The following entries (from beginning runner to half marathon finisher) represents a continuing journey of tremendous grief and sorrow, and of transformation - largely through the therapeutic power of running. The sorrow that has broken my heart open wide has in time allowed me to experience the beauty of being in the present moment. And of course, without the support of family and friends to guide me, I would not have made it this far.
Thursday, February 19, 2009
TAP INTO IT
More about Bill Moyers' interview with Nikki Giovanni, whose current book, Bicycles, is about love born of grief.
Moyers went on to say her poem "Choices" is his favorite. This is a poem about accepting what you can have, instead what dwelling on what you cannot have. One of the last verses in the poem is Giovanni's reflection on accepting the inevitable, "because that is why mankind alone among the animals learns to cry."
Giovanni has such beautiful, brown, expressive eyes. When she spoke about the death of her mother the pain was evident. She said people close to you can die, but when you lose your mother "there's no one that can enter that boat that you row yourself, back to that place where your deepest fears reside.
One is never so safe again as when one's mother is out there to put their arms around (you). Your mom just makes you safe. No matter what it is you go to your mom, and she says it's gonna be alright. So I had to stop myself from picking up the phone because she wasn't there. But that's who I would have wanted to talk to. I wanted to hear my mother's voice. I knew she'd make some sense out of it for me."
I thought about this today as I was out running. One of the hardest things about Kristy's death is not having a mother or a father to hold on to. They had both experienced the death of a loved one, they would know what to say. But my father died about 5 years ago, and my mother has been ravaged by Alzheimer's disease.
One day when my mother seemed coherent I told her about Kristy. The need to tell her was overwhelming. Not unlike a confession, it was hard to put into words. And like a confession, I felt an immediate release. I held my mother's hands and said to her, "Mom, I have to tell you about Kristy. Kristy's dead - she was run over by a car when she was on her bicycle and she died."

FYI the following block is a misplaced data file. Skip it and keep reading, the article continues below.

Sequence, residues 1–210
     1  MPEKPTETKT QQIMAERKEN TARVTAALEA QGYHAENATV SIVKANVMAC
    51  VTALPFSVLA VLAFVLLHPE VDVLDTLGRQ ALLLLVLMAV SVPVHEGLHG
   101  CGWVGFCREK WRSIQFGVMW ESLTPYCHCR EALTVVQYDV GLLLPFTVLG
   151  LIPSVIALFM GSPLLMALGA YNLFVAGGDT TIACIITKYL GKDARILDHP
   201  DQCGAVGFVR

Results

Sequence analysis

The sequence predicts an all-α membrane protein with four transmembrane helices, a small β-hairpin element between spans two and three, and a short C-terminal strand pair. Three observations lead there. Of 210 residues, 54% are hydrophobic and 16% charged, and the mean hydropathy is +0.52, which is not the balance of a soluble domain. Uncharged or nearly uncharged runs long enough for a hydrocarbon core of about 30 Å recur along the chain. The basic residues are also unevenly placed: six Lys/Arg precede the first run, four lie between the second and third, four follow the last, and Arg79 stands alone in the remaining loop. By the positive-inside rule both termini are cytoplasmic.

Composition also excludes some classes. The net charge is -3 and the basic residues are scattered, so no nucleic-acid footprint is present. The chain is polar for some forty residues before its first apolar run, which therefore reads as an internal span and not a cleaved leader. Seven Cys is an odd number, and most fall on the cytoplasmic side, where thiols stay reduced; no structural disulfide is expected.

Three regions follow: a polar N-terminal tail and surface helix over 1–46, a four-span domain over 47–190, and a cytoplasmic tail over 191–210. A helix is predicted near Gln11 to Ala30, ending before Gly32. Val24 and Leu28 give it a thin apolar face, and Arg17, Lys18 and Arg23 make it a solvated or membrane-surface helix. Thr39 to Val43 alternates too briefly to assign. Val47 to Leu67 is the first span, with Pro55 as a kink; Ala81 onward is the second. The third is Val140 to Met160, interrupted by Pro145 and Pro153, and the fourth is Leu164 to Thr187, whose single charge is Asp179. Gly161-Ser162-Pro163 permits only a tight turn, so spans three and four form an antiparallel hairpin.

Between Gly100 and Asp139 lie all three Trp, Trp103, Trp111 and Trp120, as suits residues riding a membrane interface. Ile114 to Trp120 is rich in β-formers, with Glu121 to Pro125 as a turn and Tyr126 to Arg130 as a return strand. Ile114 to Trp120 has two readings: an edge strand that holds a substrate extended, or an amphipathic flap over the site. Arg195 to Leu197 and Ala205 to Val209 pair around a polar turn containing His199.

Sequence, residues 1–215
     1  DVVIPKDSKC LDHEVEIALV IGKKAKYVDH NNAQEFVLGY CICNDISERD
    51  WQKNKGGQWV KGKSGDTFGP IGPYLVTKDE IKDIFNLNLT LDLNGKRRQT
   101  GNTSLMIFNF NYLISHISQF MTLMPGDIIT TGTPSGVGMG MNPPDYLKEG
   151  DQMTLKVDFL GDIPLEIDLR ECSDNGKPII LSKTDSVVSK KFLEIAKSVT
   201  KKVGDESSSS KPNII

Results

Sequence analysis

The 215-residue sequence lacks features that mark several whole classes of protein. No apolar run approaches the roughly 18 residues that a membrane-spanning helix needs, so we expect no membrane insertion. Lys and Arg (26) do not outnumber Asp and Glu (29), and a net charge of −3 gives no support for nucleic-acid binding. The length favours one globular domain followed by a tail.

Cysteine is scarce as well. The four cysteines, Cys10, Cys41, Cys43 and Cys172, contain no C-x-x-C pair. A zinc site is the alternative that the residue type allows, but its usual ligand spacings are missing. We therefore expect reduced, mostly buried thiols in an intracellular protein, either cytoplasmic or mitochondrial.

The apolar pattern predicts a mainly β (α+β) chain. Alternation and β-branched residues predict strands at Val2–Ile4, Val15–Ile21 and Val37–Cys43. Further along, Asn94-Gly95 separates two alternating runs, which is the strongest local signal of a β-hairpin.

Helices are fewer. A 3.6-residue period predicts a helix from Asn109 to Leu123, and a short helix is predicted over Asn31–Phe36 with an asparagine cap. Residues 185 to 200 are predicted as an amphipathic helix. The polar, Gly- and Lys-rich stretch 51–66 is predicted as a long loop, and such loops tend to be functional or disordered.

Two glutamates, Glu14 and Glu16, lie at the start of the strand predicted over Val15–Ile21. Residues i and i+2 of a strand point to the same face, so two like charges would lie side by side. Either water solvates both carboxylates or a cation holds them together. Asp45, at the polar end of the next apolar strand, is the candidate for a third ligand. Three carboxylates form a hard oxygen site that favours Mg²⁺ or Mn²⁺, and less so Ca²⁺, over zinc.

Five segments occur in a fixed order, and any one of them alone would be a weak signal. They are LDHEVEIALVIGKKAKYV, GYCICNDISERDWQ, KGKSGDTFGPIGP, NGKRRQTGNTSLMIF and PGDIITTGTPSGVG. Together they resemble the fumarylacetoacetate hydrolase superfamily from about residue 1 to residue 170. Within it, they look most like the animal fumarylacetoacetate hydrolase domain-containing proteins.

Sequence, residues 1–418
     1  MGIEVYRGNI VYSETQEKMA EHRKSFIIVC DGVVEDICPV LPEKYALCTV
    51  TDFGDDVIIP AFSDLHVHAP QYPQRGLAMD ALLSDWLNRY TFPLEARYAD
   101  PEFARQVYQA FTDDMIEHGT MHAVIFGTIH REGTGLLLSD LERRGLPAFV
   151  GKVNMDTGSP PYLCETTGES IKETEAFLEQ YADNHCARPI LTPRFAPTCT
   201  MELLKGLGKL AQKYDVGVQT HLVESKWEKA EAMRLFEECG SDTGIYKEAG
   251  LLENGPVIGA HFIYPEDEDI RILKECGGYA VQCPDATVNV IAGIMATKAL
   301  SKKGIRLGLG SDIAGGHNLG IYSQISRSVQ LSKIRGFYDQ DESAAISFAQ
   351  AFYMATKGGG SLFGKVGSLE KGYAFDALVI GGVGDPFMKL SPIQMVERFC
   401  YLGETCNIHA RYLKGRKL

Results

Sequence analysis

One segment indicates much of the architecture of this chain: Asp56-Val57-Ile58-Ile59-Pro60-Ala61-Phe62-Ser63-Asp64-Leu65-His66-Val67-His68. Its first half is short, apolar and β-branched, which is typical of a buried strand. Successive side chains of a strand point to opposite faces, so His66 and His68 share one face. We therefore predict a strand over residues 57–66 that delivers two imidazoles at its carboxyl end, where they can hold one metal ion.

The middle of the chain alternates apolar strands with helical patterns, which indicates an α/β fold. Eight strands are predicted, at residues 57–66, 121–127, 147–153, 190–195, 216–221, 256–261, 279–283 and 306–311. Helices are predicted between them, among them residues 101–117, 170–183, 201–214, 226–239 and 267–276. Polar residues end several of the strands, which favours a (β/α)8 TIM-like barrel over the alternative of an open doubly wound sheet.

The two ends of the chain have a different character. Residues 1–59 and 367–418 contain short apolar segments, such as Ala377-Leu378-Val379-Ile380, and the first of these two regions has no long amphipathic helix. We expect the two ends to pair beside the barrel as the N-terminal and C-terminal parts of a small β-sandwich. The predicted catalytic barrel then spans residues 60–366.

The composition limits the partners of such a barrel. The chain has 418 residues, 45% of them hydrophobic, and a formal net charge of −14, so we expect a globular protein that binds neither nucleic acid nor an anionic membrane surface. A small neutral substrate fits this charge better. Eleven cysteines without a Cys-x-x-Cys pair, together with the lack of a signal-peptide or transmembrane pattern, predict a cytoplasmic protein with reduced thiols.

My mom looked at me in a foggy kind of sadness. The fog brought on by the disease which has rendered her powerless to conduct even basic functions of life. She spoke slowly and said to me in a whisper, "The mother outlives the daughter," and turned her head as if looking at some distant object. I burst into tears as my heart was aching for the comfort I knew could never come. This confession gained no release. It was an empty well. When I saw my mother a few days later, she did not remember our conversation. It was like it had never happened and I could not bear to tell her again.
Toward the end of the interview, Giovanni offered this: "Science teaches us, matter is neither created nor destroyed. If that's the case then what was, is. So we lose the body but we keep the spirit. There is an energy and we have to keep finding ways to tap into it." Speaking for myself, this is the one hope I still cling to. The one thing of which I cannot let go. For without it, I am truly alone.
I think writing about how I feel helps me to get through the worst days, and gives me a glimpse of peace on my best days. On the subject of tapping into positive energy, Giovanni says, "I allow myself to do so by writing, by listening and by admitting that I'm sad. I don't always mask a lot of my feelings. There's times you just have to admit - I'm really sad. I just wish I had my mother.."
I, too, wish I had my mother to go to with this heavy burden. I cannot ask her to share it with me, or to try and make sense of it. But what I can do, is feel safe in the knowledge that she loved me and protected me for as long as she was able. And in the end, as a mother, isn't this all we really can do?
Today's run: 7 glorious miles at the lake!